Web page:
Thus, the embodiments of the invention provide a substrate and at least two growth elements (e.g., nanostructure cores) protruding from the substrate. Preferably, the cores protrude from the substrate through apertures in a growth mask over the substrate. The nanostructure cores preferably have a lateral extension (i.e., diameter or width) of 3 μm or less in any lateral direction, for example 100 nm to 1 micron, and a height between 50 nm and 10 μm, such as 0.1 to 5 microns. Examples of nanostructure cores include nanowire (i.e., nanopillar) and nanopyramid cores that are described below. As noted above, the nanostructure core itself or a nanostructure core with one or more shell layers forms the growth template. Furthermore, if desired, the growth substrate may be removed after the growth of the cores over the substrate, such that the finished device is a freestanding device or is mounted to a different handle substrate.

For the InGaN quantum well (“QW”) active region, the higher growth rate of the InGaN semiconductor layer (e.g., QW shell on a semiconductor nanostructure core) results in higher indium incorporation into the quantum well. A higher indium incorporation results in a narrower band gap of the QW semiconductor material and thus in a longer emitted peak wavelength by the LED (i.e., a red shift in the emitted color).

In a first embodiment, the higher QW growth rate occurs on first growth areas (e.g., on nanowire or nanopyramid templates) that are spaced farther apart from each other by non-growth areas (e.g., masked substrate areas) than on second growth areas (e.g., templates) which are spaced closer to each other. Thus, in the first embodiment, a first growth area contains semiconductor templates which are spaced apart from adjacent templates by a larger distance than the adjacent templates in a second growth area. This difference in spacing results in higher indium incorporation in the active regions (e.g., QW(s)) formed on the templates in the first growth area than on the templates in the second growth area, even when the active regions are formed in the same growth step at the same time in both first and second groups of growth areas. The LEDs formed in the first growth area have a longer peak emission wavelengths than LEDs formed in the second growth area.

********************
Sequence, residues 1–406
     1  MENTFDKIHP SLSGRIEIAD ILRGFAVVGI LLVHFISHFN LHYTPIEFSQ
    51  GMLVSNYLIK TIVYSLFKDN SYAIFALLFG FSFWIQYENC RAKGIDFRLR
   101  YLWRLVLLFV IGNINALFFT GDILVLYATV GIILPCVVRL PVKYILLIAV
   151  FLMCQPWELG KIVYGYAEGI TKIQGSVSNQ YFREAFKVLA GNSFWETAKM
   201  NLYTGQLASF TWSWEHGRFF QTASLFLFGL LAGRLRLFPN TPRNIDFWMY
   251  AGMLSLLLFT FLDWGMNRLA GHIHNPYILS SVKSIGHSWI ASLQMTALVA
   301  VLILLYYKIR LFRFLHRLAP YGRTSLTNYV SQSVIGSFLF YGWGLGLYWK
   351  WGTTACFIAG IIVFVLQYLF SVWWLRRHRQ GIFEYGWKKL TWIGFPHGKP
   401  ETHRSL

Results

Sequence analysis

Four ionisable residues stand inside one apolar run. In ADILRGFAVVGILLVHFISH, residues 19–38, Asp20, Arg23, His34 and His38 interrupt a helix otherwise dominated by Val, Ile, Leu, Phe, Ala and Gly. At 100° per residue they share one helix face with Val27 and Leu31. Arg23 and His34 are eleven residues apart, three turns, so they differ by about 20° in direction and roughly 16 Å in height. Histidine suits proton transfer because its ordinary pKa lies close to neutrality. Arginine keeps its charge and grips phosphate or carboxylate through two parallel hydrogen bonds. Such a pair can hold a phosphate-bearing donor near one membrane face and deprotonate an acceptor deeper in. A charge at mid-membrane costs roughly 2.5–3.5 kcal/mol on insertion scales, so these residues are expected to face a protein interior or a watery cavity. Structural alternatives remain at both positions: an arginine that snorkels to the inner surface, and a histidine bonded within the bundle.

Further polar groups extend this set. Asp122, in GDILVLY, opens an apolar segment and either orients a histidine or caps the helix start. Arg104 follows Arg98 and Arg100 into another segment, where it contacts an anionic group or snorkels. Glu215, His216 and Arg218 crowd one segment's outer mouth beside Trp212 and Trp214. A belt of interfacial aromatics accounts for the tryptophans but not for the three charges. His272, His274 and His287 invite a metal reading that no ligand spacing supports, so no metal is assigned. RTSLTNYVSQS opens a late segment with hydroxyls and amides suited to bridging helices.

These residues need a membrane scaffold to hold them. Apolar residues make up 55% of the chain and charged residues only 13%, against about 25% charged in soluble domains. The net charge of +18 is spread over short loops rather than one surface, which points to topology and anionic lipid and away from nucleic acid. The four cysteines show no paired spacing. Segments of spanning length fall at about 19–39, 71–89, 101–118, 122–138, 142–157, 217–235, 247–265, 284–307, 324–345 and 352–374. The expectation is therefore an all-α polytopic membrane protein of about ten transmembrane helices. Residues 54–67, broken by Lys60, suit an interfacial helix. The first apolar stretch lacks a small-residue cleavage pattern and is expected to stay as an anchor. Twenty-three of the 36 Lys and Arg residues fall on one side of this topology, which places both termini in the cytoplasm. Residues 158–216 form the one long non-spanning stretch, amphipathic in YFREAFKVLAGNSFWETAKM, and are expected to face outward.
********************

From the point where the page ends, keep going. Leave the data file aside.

The wider spaced templates in the first growth area have a larger height and thus a larger exposed surface area than the narrower spaced cores in the second area in a typical Group III limited (e.g., mass flow limited) MOCVD growth regime. The larger height and surface area of the cores in the first area means that less indium will be incorporated into the active region formed on the templates in the first area than on cores in the second area. Thus, the difference in height and area of the cores works against the difference in spacing between the templates in differentiating the emitted wavelength from the active region.

The present inventors realized that introducing a Group V material limited growth regime, in contrast to the traditional group III limited regime used in III-V growth, ensures that the difference in height of the templates in the first and the second growth areas can be made smaller or even equal. This also means that the total growth area for subsequent layers will be larger in the second growth areas. Therefore, preferably, the templates of the first embodiment are formed through apertures in the growth mask by at least one growth step, such as a at least one metal organic chemical vapor deposition (MOCVD) growth step operating in the Group V material limited growth regime. In this regime, the growth is Group V element (e.g., nitrogen) limited because a relatively low Group V to Group III source gas ratio (e.g., ammonia:TEG or TMG ratio below 1,000, such as 0.001 to 100, for GaN cores) is used. In should be noted that for templates that include both a nanostructure (e.g., nanowire) core and one or more shells, the nanostructure core is preferably grown in the group V limited mode, while the shell(s) may be grown in either the group III or group V limited mode, as will be illustrated below. Thus, the template (e.g., nanowire core or nanowire core plus at least one shell) height and area does not work against the template spacing difference in ensuring a different emission wavelength for LEDs in the first and the second areas. The more or less instantaneous gas phase diffusion of ammonia (as compared to TEG or TMG) makes it a source that does not decrease in gas phase concentration locally when the growth is group V (e.g., ammonia) limited, as will be discussed in more detail below.